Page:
incendiary with or without burster, expelling charge or propelling charge; and
Ammunition, incendiary, white phosphorus, with burster, expelling charge or
propelling charge.

Ammunition, practice. Ammunition without a main bursting charge, containing a
burster or expelling charge. Normally it also contains a fuze and propelling
charge. The term excludes the following article which is listed separately:
Grenades, practice.

Ammunition, proof. Ammunition containing pyrotechnic substance, used to test
the performance or strength of new ammunition, weapon component or assemblies.

Ammunition, smoke. Ammunition containing a smoke-producing substance such as
chlorosulphonic acid mixture (CSAM), titanium tetrachloride (FM), white
phosphorus, or smoke-producing substance whose composition is based on
hexachlorothannol (HC) or red phosphorus. Except when the substance is an
explosive per se, the ammunition also contains one or more of the following: a
propelling charge with primer and igniter charge, or a fuze with burster or
expelling charge. The term includes: Ammunition, smoke, with or without burster,
expelling charge or propelling charge; Ammunition, smoke, white phosphorus with
burster, expelling charge or propelling charge.

Ammunition, tear-producing with burster, expelling charge or propelling charge.
Ammunition containing tear-producing substance. It may also contain one or more
of the following: a pyrotechnic substance, a propelling charge with primer and
igniter charge, or a fuze with burster or expelling charge.

Ammunition, toxic. Ammunition containing toxic agent. It may also contain one
or more of the following: a pyrotechnic substance, a propelling charge with
primer and igniter charge, or a fuze with burster or expelling charge.

Cartridges for weapons. (1) Fixed (assembled) or semi-fixed (partially
assembled) ammunition designed to be fired from weapons. Each cartridge includes
all the components necessary to function the weapon once. The name and
description should be used for military small arms cartridges that cannot be
described as cartridges, small arms. Separate loading ammunition is included
under this name and description when the propelling charge and projectile are
packed together (see also Cartridges, blank).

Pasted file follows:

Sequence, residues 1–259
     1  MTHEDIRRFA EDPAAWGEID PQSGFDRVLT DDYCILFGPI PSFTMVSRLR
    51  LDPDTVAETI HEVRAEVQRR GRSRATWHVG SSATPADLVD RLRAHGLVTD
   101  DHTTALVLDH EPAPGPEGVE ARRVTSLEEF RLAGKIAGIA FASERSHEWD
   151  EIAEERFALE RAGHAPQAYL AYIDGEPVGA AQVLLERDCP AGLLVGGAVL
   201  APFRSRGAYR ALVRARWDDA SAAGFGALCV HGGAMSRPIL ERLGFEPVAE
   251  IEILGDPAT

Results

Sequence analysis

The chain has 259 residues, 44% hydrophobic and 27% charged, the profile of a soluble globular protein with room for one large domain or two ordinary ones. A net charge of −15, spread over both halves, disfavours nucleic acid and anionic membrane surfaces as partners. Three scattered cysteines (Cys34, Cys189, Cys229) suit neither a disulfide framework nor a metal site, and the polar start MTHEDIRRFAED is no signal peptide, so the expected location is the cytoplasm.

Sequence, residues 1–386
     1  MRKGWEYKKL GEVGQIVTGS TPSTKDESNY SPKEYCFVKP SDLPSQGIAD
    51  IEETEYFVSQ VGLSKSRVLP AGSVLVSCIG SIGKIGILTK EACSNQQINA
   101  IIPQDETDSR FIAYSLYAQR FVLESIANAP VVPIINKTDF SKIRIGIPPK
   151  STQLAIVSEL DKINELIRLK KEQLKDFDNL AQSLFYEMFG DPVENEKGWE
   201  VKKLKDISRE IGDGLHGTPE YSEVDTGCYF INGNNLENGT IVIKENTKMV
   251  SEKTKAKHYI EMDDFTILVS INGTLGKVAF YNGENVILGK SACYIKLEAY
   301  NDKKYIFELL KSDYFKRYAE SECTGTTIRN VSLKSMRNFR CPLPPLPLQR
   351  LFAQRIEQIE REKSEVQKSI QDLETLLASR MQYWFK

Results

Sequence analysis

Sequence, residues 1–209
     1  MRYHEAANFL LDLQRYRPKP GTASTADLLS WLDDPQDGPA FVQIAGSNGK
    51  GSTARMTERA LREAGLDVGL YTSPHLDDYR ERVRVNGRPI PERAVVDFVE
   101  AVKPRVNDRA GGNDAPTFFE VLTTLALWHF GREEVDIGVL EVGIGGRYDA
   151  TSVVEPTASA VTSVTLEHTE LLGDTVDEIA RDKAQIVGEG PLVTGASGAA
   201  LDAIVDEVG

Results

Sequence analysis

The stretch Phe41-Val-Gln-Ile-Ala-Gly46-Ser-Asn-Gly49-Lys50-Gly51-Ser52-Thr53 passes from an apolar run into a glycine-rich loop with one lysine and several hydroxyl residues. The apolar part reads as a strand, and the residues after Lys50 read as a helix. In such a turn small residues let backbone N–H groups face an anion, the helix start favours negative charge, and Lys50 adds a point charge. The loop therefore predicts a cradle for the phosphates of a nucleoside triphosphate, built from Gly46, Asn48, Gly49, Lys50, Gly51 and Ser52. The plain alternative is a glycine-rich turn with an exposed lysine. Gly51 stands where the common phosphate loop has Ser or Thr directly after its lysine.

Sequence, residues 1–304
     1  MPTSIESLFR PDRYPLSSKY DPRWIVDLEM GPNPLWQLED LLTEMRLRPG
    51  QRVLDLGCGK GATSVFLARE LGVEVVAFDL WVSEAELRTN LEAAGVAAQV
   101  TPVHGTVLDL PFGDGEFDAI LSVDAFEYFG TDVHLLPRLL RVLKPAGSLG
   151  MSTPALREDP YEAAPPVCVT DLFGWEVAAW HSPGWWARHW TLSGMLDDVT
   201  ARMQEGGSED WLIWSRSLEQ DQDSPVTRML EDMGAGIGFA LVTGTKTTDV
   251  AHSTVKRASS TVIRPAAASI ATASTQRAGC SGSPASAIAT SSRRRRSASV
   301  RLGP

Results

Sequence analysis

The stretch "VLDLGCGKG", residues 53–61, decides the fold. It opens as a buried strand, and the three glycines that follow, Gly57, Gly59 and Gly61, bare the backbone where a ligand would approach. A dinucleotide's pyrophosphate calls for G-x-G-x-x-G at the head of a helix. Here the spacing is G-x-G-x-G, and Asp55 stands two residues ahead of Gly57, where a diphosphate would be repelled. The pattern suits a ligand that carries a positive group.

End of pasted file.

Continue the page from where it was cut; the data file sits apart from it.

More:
((This below is the correct designation for small arms ammunition))

Cartridges, small arms. Ammunition consisting of a cartridge case fitted with a
center or rim fire primer and containing both a propelling charge and solid
projectile(s). They are designed to be fired in weapons of caliber not larger
than 19.1 mm. Shotgun cartridges of any caliber are included in this
description. The term excludes: Cartridges, small arms, blank, and some military
small arms cartridges listed under Cartridges for weapons, inert projectile.

http://edocket.access.gpo.gov/cfr_2006/octqtr/49cfr173.59.htm
~~~~~~~~~~~~~~~~~~~~~~~~~~~~~~~~~~~~~~~~~~~~~~~~~~ ~~~~~~~

TITLE 49--TRANSPORTATION

CHAPTER I--RESEARCH AND SPECIAL PROGRAMS ADMINISTRATION, DEPARTMENT OF
TRANSPORTATION

PART 173_SHIPPERS_GENERAL REQUIREMENTS FOR SHIPMENTS AND PACKAGINGS--Table of
Contents

Subpart D_Definitions Classification, Packing Group Assignments and
Exceptions for Hazardous Materials Other Than Class 1 and Class 7

Sec. 173.144 Other Regulated Materials (ORM)--Definitions.

For the purpose of this subchapter, ``ORM-D material'' means a
material such as a consumer commodity, which, although otherwise subject
to the regulations of this subchapter, presents a limited hazard during
transportation due to its form, quantity and packaging. It must be a
material for which exceptions are provided in the Sec. 172.101 table.
Each ORM-D material and category of ORM-D material is listed in the
Sec. 172.101 table.

http://edocket.access.gpo.gov/cfr_2006/octqtr/49cfr173.144.htm

~~~~~~~~~~~~~~~~~~~~~~~~~~~~~~~~~~~~~~~~~~~~~~

49 CFR 172.101 list of ORM-D:

http://edocket.access.gpo.gov/cfr_2002/octqtr/49cfr172.101.htm

(page 145 D) cartridges, small arms

packaging requirement : ORM-D label
weight limit per parcel: 66 pounds (30 kilograms)

There is an "exception 63" called out in this chart that
deals with how small arms cartridges must be packed inside
the box. Its not a big deal. It refers to 49 CFR 173.63.

I've seen two different references to this ORM-D label.
One is above in 49 CFR. The 2nd said the ORM-D label
had to have "cartridges, small arms" also on the ORM-D
label. But 49 CFR makes no such requirement.

http://law.justia.com/us/cfr/title49/49-2.1.1.3.8.3.25.14.html
~~~~~~~~~~~~~~~~~~~~~~~~~~~~~~~~~~~~~~~~~~~~~~~~~~ ~~~

49 CFR 172